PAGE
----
Three-point assassin: Suggs emerging among state’s best from long rangeWoodbury's Renard Suggs has quietly been compiling an impressive 2012-13 resume that has put him in the conversation for the coveted Mr. Basketball award.
By: Mike Longaecker, edtior, Woodbury Bulletin
All Renard Suggs needed was a reminder.
Coming out of a timeout last week at a home game against Cretin-Derham Hall, Woodbury head boys basketball coach Scott Swansson told Suggs he was just three points shy of his 1,000th career point.
So when Suggs got his chance moments later after grabbing a steal, he knew just what to do. Instead of slamming the ball home – a move that’s certainly in his repertoire – Suggs turned to his signature shot: the 3-pointer.
“It’s a big deal because it’s been a goal since I’ve been in, like, ninth grade – I always wanted to accomplish it,” Suggs said later about joining Woodbury’s 1,000-point club. “It’s a big accomplishment. It’s an honor, too, being one of the top scorers in the school.”
While other top players like Apple Valley’s Tyus Jones and Robbinsdale Cooper’s Rashad Vaughn have been grabbing the spotlight this season in Minnesota prep basketball, Suggs has quietly been compiling an impressive 2012-13 resume that has put him in the conversation for the coveted Mr. Basketball award: he’s currently the Suburban East Conference’s top scorer – carrying a 21 points per-game average – and is among the top 3-point shooters in the state.
Through last week – a stretch that saw Suggs score a combined 49 points, including 24 in Woodbury’s Friday win over rival East Ridge – the senior guard was eighth in the state with 43 3-three pointers made.
For a while this year, Swansson said Suggs was draining 3s at a 43 percent clip. Sinking the deep ball 30 percent of the time usually raises eyebrows, Swansson noted.
So the coach doesn’t bark when he Suggs pulling up from behind the arc.
“When he’s open, he just lets it fly,” Swansson said.
Swansson said people have asked him why he lets Suggs fire from distances in the range of the NBA 3-point line. The reason, he said, is simple.
“Because I’ve seen him make them – a lot of times,” Swansson said.
And, yes, there is an especially dangerous part of the floor. Suggs said the top of the key is his money-ball zone.
“That’s when they start going in, basically,” Suggs said.
A shooting prodigy
Suggs didn’t get good at shooting 3s by accident. When he’s not on the floor with the rest of the Royals, Suggs can be found at a local gym practicing with his father.
“Just shooting hours of shots,” Suggs said.
Suggs said he’s had a knack for shooting 3s since he can remember. As a youngster, he remembers being the one called on to take the big shot in games.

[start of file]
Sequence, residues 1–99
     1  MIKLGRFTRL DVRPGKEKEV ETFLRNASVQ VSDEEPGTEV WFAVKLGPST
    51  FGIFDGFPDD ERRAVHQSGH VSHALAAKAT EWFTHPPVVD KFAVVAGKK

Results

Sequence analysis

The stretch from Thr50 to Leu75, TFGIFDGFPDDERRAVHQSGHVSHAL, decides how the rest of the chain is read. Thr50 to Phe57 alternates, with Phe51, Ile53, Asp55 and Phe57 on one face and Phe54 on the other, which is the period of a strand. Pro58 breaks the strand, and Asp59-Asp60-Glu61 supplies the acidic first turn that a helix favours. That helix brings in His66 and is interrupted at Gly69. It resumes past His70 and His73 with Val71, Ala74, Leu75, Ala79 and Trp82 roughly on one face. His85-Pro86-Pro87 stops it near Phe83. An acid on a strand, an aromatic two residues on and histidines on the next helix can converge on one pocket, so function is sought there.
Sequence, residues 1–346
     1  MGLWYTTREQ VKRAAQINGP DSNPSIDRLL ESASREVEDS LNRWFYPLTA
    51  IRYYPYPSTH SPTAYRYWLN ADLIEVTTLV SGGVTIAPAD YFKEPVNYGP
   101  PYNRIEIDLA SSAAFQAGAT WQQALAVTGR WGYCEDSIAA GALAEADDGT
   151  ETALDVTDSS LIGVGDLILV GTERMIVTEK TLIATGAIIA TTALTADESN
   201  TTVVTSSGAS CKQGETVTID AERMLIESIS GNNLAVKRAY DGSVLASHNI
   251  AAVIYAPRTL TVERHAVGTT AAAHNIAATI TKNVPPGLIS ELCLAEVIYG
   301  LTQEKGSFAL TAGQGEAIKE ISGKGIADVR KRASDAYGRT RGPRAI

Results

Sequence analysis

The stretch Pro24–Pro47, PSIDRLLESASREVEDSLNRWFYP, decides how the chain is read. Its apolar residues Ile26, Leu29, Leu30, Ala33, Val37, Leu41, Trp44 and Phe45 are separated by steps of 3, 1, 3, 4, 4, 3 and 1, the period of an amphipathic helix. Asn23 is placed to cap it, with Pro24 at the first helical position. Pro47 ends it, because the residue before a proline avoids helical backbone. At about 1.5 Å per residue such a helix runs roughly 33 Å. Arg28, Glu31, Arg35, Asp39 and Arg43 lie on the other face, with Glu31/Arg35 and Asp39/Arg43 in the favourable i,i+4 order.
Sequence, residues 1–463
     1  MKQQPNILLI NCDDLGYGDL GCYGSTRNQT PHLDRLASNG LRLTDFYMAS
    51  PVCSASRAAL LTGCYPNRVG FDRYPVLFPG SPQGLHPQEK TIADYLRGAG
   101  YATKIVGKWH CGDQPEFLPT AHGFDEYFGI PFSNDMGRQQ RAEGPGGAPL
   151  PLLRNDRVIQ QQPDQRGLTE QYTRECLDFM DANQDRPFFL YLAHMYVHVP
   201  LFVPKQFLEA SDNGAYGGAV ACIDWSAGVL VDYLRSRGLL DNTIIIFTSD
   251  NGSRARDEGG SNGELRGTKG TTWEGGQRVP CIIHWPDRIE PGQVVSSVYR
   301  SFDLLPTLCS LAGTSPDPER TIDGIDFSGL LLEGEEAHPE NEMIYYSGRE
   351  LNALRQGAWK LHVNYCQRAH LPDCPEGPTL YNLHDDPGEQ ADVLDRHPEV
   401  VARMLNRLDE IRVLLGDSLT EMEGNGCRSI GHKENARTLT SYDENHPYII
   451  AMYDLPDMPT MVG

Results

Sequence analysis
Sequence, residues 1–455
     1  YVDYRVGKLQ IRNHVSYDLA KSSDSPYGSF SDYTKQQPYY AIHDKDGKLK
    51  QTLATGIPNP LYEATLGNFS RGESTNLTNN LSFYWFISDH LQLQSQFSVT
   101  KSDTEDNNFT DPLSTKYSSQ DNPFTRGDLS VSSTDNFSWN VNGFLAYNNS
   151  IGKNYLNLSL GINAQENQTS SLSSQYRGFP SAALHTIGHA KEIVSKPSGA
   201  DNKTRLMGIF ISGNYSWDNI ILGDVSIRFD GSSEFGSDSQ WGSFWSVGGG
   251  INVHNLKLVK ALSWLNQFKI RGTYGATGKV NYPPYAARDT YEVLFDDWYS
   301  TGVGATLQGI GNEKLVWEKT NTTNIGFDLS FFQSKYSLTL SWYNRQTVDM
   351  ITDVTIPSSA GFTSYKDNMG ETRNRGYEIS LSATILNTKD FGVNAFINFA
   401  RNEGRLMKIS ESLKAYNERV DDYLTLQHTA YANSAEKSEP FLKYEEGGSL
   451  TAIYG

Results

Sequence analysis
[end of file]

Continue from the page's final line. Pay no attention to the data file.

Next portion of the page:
“Since I was little, I’ve always been able to shoot good,” Suggs said.
Over the years, however, he’s refined his technique. No more unbalanced shots. He now has the body strength and experience to square up right for a more controlled shot.
The secret to sinking the 3, Suggs said he has learned, lies in the follow-through. Instead of launching up the shot, he’s learned to hold his release.
The result has been effective, he said.
“It just goes in most of the time,” Suggs said.
Indeed, there’s a confidence in the senior’s game that has also been developing, Swansson said.
Suggs arrived at Woodbury as a sophomore after he and his brother Rickey Suggs Jr. – a 2012 graduate and also a member of the school’s 1,000 points club – enrolled after their former school, St. Bernard’s, closed.
It was evident right away to Swansson that the younger Suggs could shoot, but the coach said he witnessed a remarkable transformation between his sophomore and junior years. In 2012, the Suggs brothers helped lead Woodbury to the Class 4A State Basketball Tournament.
Swansson said he wondered if Suggs could make another leap between his junior and senior years.
“He really has,” the coach said.
Suggs said he has continued to draw interest from Division 1 colleges, but his plans for next year haven’t changed. He plans on attending a junior college in either Texas, North Dakota or Wyoming to strengthen his game. After that, he hopes to make the big jump. Schools on his list include the University of Minnesota, Iowa State and North Dakota State University.
Swansson said he thinks Suggs could make that leap.
“He’s got the tools to do it,” Swansson said.
For now, Suggs’ focus is on finishing out the season strong with Woodbury.
“I just want to go to state again,” Suggs said. “That’s my big goal.”